In Brazil, in December 2016, Michel Temer’s austerity regime introduced a constitutional 20-year public spending ceiling called “teto de gastos”, that has already started hitting the country in many ways. While several civil society organisations showed last month that women and the poor are already suffering most under this 20-year spending freeze, INESC just published another budget scrutiny paper, analysing the lessening funds allocated to the environment protection, a very important matter when Brazil hosts most of the Amazonian: “Budget cuts in a body – the Ministério do Meio Ambiente (MMA, Environment Ministry) – with enormous challenges, fragilities and political pressures, aimed at the reduction of protected areas, flexibilization of licensing, among others, is already bad news. When we look at the budget proposal for the agency in detail, we see that the situation is even worse”, the study introduces.
INESC policy advisor Alessandra Cardoso examines each cut in the MMA Budget, focusing on two main issues:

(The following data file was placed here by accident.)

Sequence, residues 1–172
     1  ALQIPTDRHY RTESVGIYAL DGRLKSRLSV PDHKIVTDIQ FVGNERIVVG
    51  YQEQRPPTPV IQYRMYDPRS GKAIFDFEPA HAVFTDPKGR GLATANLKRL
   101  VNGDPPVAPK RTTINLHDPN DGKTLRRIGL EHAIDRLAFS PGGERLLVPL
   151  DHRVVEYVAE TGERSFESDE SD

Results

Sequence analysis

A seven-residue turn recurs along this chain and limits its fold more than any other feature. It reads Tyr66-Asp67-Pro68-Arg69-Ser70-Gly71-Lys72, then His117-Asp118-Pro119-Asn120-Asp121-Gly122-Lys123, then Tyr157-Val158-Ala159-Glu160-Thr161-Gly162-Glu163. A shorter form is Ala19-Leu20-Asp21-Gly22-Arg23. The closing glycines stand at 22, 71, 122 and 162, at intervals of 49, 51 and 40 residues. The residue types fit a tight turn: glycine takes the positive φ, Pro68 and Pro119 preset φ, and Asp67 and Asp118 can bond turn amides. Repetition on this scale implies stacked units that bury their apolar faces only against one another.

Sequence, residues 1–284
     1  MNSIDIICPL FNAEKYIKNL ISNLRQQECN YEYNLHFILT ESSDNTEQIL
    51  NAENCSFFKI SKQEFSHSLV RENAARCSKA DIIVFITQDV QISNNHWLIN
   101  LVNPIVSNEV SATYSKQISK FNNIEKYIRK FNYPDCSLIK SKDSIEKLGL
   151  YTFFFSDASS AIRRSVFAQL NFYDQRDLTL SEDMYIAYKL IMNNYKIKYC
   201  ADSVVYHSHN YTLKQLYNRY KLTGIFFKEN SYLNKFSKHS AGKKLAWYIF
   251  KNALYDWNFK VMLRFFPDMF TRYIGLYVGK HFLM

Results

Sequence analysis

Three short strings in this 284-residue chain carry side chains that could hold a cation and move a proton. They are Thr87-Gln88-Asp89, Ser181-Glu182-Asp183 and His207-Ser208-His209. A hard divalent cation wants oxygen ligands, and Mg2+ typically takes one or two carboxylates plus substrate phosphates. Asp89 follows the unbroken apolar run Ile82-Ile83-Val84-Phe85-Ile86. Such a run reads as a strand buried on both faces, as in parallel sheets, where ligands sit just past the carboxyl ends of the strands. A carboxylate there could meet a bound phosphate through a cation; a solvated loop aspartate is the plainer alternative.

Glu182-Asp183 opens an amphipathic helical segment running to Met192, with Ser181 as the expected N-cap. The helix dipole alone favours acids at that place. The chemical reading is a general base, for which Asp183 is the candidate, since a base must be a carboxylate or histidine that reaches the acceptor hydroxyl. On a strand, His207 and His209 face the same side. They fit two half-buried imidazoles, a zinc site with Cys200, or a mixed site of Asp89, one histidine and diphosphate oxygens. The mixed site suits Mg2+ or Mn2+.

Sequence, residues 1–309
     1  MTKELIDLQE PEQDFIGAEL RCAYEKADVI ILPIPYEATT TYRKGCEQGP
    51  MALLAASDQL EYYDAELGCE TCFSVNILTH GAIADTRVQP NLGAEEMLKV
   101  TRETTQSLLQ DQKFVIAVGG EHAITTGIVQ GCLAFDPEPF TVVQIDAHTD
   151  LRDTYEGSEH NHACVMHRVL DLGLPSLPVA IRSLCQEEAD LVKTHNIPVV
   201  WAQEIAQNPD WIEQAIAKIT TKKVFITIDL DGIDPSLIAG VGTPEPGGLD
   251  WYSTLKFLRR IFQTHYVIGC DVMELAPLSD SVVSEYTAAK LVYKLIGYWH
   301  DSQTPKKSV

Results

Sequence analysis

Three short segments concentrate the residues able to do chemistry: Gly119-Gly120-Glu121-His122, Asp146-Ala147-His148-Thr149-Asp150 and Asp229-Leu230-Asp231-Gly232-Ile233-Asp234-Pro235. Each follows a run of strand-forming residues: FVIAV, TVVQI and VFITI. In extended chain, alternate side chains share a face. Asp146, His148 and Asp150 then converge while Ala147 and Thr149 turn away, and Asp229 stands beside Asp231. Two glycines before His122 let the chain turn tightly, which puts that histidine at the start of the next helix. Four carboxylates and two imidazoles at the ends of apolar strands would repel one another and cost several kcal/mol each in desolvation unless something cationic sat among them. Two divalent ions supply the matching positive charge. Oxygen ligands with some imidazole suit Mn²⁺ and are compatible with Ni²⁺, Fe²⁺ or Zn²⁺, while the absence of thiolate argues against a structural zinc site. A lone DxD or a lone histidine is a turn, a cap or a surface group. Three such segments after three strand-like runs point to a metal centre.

- The contingency reserves or “Fake budget” as Cardoso calls it – of R$ 422 million -, “condemns socio-environmental public policies to scarcity and extinction”.
- The budget cuts “specifically sentence some initiatives, actions or policies”, such as the Bolsa Verde, launched by Dilma Rousseff’s government in 2011: “Bolsa Verde is an income transfer program for families living in extreme poverty living in areas of relevance to environmental conservation. It works as an incentive for communities to continue to use the territories in which they live in a sustainable way”, as explained on MMA’s website.
You can read the full paper here (in Portuguese).
Picture ©Neil Palmer (CIAT)